My wife (to be) and I had been dating for nearly a year when we went to France for vacation. We spent most of the week in St. Malo with the family who hosted me as an exchange student some years back. In many ways it was like going home. It was great to return, some things had changed, but when you’re visiting a walled in medieval city – many more things were exactly how you remembered them.
We ate our way around the region enjoying ourselves, my wife also enjoyed the “isolation” of not understanding French. I was her link to the world, and was even called upon to translate when she went to get her haircut – brave girl, but that’s another story.
We enjoyed some traditional fare, Crocque Monsieur, Pain au chocolat, gallettes and crepes, an all carrot salad, and turkey (because it’s more common than chicken). I even tried a pizza with fruits-de-la-mer (shellfish) – but I didn’t really like it. (But, I still think it’s a good idea and am willing to give it another shot)
We hiked up Mt. St. Michel, and saw the salt-meadow lamb, grazing in the pre’ sale’. We went down to the docks and watched the fishermen (farmers?) bring oysters in from the harbor in Cancale. We even had a great meal in a McDonalds. (We swear the food was fresher, and cooked healthier than back in the states). And we sat in numerous cafe’s and watched the world go by, bien sur!
The trip to McDonalds seemed to be an event to everybody but us, at first. (I mean it’s just McDonalds after all). They had the same menu (except, like they said in Pulp Fiction – they don’t call it a quarter pounder). However like any nicer restaurant, they had a hostess. Somehow they (or our host family) seemed to insist we order dessert (which they brought out to our table) and even though it looked like the same old vanilla soft-serve with chocolate syrup, it tasted fantastic! Everybody was dressed up too. Employees and patrons alike.
When we all left for McDonalds, our host mother’s father didn’t want to (perhaps refused to) come. We left him as he sat down to eat his own dinner. We had a nice, leisurely meal there and even took a meandering sight seeing drive on the way back home. “Grampy” was shocked – and perhaps disgusted, that we returned before he’d finished eating. Fast food – quelle horreur!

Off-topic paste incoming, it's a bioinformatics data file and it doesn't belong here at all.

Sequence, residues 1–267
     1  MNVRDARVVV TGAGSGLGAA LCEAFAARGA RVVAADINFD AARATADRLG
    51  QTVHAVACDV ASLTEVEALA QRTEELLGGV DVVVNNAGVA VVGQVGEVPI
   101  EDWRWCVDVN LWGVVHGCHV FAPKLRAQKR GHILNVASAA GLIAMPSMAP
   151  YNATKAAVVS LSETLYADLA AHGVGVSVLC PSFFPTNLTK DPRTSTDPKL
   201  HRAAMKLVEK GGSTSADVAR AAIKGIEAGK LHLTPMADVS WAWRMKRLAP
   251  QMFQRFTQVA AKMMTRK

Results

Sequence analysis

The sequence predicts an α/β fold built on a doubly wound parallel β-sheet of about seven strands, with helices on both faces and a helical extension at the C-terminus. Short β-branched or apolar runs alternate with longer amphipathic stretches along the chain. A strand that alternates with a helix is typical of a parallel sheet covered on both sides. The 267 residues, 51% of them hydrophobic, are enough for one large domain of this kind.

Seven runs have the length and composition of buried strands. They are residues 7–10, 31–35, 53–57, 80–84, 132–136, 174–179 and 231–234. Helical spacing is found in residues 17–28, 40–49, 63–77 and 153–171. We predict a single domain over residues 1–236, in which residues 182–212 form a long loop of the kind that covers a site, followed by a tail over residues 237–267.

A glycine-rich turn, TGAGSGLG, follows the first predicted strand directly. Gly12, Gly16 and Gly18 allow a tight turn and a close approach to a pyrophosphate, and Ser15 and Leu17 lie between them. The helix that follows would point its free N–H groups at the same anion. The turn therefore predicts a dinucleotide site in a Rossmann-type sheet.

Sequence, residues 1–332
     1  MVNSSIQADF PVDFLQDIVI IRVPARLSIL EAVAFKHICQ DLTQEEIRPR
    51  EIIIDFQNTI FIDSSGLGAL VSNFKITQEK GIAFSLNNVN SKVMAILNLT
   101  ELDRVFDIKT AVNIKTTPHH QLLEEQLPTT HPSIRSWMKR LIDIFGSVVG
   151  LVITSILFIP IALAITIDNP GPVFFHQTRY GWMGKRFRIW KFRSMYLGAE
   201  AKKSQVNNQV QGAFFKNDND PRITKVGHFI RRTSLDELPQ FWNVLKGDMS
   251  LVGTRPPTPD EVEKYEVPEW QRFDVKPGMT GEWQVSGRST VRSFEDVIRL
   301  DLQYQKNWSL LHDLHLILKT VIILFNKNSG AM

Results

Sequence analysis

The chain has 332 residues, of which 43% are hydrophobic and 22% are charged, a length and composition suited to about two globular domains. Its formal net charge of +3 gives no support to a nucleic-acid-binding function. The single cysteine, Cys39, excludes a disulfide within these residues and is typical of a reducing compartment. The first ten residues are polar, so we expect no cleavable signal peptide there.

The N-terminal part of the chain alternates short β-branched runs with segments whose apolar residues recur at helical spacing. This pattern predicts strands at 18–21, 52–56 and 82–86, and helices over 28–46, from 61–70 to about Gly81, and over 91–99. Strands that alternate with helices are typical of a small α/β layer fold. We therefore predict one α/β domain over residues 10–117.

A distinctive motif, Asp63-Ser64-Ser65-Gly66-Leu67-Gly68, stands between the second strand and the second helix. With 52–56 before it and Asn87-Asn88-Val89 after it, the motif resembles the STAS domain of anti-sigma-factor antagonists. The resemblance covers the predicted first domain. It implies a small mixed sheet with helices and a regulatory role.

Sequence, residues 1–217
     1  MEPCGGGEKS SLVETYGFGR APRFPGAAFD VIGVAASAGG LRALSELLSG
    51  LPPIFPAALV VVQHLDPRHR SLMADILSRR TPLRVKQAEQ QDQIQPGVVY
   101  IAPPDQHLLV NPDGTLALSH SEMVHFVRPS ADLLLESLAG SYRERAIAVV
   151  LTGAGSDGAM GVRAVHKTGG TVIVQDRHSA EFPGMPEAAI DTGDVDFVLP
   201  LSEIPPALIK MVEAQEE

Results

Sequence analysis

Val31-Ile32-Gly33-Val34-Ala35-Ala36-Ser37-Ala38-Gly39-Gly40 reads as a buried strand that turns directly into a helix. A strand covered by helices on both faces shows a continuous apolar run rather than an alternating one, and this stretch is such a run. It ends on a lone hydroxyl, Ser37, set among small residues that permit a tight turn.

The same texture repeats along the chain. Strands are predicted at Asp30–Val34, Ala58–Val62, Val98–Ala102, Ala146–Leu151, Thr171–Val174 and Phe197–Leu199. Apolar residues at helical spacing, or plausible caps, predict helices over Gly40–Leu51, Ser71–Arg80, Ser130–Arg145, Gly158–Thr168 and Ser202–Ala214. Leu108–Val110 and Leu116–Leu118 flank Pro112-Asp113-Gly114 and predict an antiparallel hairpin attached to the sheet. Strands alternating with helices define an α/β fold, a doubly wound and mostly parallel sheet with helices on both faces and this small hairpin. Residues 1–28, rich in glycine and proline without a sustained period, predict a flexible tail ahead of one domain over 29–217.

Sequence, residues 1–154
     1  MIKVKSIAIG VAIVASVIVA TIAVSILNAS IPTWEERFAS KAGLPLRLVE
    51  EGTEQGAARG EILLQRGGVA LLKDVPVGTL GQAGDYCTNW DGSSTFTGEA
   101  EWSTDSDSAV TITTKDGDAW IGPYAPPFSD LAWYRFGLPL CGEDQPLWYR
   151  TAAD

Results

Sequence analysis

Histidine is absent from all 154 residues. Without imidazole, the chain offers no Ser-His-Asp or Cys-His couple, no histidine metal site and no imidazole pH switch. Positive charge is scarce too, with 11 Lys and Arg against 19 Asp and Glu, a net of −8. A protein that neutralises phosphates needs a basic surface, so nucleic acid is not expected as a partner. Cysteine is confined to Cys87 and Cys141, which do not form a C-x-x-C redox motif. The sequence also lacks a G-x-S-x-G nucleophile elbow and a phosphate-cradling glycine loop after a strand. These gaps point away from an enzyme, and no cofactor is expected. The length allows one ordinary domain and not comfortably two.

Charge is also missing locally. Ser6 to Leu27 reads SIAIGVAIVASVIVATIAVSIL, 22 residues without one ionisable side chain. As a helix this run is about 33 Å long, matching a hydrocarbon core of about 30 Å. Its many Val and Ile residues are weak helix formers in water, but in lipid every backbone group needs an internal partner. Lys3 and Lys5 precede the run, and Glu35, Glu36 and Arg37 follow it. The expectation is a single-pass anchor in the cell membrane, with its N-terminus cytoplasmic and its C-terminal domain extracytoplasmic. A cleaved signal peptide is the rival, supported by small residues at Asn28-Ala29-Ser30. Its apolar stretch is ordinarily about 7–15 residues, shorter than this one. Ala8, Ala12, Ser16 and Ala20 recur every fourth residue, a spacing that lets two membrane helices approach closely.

Days later we bid our hosts farewell and took the train back to Paris to explore the city for a couple days alone before we left for home. We walked the Champs Elysees, and ate in some fabulous restaurants…. as well as the obligatory lunch (on Easter Sunday no less) at the Hard Rock Cafe.
This was an interesting excursion, because, try as I might to speak French (which I can do) the waitress, who was French, would only speak English (this must be part of the HRC experience). Alas, I ordered my veggie burger, fries and a coke – chuckling at what my grandmother would think. Burgers on Easter!
The waitress asked how I wanted it cooked.
Odd, I thought, but I’m kinda new to this vegetarian thing, and perhaps they do things differently here. “Moyen – Medium – normale???.”
The answer seemed to satisfy, so I let it go… until I took my first bite…
“Umm, this isn’t a veggie burger”
“Oh. I’m sorry. Didn’t you think it was funny that I asked you how you wanted it cooked?
Ok… so pronunciation, or enunciation… something needs a little work.
After lunch, we strolled up the Champs Elysees, towards the Arc de Triomphe – the entire city had come out by now. We almost stopped at Planet Hollywood for dinner, then thought better of it, and went for a more authentic French dining experience. I don’t remember what we ordered, just that the waitstaff didn’t seem to care if we ever left. Busy or not, they didn’t expect any turnover. It’s funny how different, but refreshing, the ‘old world’ can be. I miss the 2- hour lunches, the long leisurely dinners that always included bread, pate, salad and dessert.
The slow-food movement just can’t get here fast enough!